Community playground and plaza slated to open in September

The community playground and plaza will provide no-cost activities for families and improve community gathering space.
A large yellow white and blue sign reading "Future Site of Sun Peaks Plaza" sits behind a fenced in construction site. Piles of dirt are dug up by construction equipment A cement pathway is in front of the fence and a building is on the left of the construction site. A blue sky and a forest are in the background.
Sun Peaks’ community playground and plaza will include an accessible playground with rubber surfacing and wood fibre chips throughout the grounds, a slide, swing, carousel agility course and more. Photo by Liz McDonald

Sun Peaks’ community playground and plaza will soon be ready for gathering this fall.

Construction has begun on Sun Peaks Plaza and playground outside Sun Peaks Centre, with grading of the site completed in the last week of June. The project’s next steps include construction for drainage, brickwork, cement and finally, installing playground equipment. The space should be open to the public in early September and will provide expanded infrastructure for community events and no-cost recreation for families in Sun Peaks.

The project is funded through provincial grants, organizational and private donations and municipal funding totalling approximately $1.65 million.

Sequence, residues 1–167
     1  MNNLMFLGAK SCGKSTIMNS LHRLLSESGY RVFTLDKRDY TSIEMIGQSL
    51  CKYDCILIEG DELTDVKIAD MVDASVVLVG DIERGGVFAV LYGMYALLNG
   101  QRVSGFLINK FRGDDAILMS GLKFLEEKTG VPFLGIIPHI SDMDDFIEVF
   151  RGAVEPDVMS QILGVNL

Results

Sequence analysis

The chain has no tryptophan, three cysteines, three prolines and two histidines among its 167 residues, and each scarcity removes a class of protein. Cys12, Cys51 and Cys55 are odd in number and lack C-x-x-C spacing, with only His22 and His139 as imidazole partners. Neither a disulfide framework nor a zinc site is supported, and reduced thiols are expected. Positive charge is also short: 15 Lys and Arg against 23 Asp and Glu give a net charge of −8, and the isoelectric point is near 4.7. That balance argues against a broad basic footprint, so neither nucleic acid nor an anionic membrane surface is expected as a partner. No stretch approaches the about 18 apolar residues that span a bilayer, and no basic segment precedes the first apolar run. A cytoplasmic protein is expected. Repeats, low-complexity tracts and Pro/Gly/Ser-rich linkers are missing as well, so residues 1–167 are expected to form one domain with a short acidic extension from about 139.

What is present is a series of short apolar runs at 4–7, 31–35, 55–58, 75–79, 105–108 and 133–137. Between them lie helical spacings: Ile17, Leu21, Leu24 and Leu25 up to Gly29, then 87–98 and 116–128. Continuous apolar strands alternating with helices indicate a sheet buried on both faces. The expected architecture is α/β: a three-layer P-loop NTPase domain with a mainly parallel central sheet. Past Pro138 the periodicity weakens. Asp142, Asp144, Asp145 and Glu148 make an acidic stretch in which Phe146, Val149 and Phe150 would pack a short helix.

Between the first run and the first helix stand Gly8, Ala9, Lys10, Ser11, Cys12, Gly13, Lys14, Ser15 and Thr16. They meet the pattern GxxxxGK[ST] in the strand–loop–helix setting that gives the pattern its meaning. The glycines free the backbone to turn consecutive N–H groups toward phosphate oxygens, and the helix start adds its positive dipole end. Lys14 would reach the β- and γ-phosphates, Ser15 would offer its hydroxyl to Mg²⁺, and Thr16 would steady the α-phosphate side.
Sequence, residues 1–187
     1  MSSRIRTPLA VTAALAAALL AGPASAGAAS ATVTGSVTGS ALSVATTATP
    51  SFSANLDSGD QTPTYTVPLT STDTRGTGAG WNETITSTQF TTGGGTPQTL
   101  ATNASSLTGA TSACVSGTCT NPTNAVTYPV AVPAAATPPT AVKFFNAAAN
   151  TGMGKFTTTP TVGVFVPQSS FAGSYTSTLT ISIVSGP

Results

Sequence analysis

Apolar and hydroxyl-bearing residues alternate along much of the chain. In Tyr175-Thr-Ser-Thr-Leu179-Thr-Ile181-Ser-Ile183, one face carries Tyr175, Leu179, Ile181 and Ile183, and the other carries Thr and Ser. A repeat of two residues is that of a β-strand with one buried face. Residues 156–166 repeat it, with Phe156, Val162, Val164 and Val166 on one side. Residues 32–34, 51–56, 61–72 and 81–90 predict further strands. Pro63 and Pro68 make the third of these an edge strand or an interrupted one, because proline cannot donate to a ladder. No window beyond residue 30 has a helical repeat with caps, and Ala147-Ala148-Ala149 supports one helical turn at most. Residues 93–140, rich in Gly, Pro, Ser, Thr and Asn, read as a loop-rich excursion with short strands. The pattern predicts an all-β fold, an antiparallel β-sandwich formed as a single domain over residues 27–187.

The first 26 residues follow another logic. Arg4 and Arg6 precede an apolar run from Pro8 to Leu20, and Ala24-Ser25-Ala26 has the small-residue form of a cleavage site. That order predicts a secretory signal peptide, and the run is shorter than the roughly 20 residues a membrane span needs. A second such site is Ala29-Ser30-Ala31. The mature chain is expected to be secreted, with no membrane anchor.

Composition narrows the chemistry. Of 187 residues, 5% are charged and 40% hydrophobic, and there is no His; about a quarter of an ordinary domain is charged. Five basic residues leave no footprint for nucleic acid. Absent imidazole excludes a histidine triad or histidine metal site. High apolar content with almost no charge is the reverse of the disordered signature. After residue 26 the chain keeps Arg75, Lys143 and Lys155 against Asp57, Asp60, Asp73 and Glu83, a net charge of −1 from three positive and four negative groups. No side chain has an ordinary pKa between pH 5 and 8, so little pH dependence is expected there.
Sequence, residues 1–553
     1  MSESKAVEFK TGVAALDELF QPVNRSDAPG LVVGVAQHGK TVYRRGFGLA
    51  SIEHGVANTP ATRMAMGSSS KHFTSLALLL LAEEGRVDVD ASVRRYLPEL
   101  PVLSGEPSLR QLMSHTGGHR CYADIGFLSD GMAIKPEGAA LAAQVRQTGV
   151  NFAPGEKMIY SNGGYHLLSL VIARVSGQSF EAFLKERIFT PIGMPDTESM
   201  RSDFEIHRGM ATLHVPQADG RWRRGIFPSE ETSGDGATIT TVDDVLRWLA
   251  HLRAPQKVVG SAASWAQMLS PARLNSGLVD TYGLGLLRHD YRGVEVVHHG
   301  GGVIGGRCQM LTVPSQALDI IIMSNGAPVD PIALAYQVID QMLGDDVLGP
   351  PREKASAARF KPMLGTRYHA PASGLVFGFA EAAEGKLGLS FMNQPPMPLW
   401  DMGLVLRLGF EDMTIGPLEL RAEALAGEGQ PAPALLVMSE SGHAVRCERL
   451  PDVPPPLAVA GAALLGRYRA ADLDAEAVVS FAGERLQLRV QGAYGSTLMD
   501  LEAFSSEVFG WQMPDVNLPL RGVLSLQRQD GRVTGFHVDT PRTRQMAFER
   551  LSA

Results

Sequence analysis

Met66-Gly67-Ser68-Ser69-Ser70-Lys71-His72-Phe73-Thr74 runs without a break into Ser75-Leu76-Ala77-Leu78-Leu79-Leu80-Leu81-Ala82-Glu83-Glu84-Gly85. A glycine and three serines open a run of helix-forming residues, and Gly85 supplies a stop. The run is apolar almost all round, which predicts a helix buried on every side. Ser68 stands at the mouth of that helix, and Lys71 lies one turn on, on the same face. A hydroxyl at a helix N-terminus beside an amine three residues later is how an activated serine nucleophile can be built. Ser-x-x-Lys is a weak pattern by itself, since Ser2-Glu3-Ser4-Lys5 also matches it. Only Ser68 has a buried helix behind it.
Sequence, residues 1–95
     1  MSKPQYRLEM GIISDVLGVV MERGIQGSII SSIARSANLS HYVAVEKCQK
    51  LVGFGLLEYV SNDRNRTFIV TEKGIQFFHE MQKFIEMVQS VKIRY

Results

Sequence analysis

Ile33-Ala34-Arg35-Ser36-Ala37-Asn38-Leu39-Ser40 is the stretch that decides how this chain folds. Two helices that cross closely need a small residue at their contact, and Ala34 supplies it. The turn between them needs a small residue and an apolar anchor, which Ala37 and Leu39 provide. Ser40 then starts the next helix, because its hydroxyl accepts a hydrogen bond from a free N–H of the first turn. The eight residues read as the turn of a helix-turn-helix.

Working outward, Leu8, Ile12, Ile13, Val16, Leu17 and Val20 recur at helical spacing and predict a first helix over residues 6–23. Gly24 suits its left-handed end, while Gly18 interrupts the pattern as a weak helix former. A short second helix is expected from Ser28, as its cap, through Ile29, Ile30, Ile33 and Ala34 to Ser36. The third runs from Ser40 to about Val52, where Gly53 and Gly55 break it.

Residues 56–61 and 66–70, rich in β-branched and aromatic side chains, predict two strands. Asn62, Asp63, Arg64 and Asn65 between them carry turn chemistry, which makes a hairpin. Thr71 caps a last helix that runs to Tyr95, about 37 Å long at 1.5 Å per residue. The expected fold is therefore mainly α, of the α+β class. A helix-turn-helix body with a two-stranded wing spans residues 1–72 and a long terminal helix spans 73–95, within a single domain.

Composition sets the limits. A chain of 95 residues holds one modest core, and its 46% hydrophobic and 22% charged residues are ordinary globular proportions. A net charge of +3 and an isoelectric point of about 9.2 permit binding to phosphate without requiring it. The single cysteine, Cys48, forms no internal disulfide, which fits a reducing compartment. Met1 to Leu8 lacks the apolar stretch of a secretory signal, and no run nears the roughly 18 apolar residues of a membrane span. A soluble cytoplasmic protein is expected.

A grant from the province for $898,241 makes up a significant portion of the project’s funding, and Tourism Sun Peaks (TSP) provided $350,000 for playground equipment. Donations from individuals represent $198,876 and Sun Peaks Mountain Resort Municipality (SPMRM) contributed $190,000 from the municipal parks reserve funds. Sun Peaks Rotary donated $10,000 and Adaptive Sports Sun Peaks also gave the project $2,000.                               

The space’s features include an accessible playground with rubber surfacing and wood fibre chips throughout the grounds, a slide, swing, carousel agility course and more.

“The Park Plaza project will give another performance space,” said Shane Bourke, chief administrative officer for SPMRM. “We saw on the [Canada Day long weekend] the village stroll got a bit cramped. We’ll have a little bit bigger space to offer some small performances and also be a central gathering space. The playground will provide another free activity for community members and visitors.”

Arlene Schieven, president of TSP, said the non-profit organization used reserve funds to help the municipality complete the project. The savings were accumulated during COVID-19, which resulted in scaled-back marketing.

“It’s given us the ability to help some of these projects because there wasn’t enough money to complete them, and we’re really able to take them to the finish line,” Schieven told SPIN.

The park may eventually have lighting installed for the shorter winter days, according to Bourke, and SPMRM will install conduits that can be used for lighting if future funding is available.

The tennis and pickleball courts at the site have been moved to parking lot five and should be open by the middle of July.

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